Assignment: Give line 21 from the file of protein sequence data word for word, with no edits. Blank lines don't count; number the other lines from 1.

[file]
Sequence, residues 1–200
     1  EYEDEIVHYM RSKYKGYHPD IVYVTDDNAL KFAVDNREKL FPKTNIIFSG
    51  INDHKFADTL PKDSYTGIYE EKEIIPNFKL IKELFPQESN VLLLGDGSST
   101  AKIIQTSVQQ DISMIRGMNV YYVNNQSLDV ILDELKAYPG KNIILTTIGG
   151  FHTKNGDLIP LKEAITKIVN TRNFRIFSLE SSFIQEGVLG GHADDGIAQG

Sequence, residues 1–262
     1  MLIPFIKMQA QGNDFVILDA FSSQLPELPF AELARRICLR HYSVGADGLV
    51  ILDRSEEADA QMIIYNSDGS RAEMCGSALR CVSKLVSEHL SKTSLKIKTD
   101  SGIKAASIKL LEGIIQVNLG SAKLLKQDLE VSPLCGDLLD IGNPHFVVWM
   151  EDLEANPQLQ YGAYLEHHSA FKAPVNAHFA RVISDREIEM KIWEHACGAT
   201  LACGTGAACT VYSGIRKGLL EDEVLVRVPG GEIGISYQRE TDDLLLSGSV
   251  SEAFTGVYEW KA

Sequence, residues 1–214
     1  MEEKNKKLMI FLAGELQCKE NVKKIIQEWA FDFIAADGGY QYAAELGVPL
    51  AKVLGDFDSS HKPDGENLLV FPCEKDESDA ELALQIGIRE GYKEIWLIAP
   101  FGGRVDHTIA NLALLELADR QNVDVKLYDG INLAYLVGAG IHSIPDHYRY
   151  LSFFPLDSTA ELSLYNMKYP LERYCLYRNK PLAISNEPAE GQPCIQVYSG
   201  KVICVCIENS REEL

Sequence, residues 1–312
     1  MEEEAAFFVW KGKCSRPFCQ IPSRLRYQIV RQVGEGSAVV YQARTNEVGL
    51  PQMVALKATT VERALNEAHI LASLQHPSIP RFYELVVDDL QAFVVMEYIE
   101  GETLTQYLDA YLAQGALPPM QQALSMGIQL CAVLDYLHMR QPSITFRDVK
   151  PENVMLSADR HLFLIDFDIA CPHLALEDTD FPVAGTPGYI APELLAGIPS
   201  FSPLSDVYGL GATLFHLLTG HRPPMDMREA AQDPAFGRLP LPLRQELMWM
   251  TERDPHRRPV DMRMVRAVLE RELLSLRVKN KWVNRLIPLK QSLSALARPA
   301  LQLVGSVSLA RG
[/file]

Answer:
    51  PQMVALKATT VERALNEAHI LASLQHPSIP RFYELVVDDL QAFVVMEYIE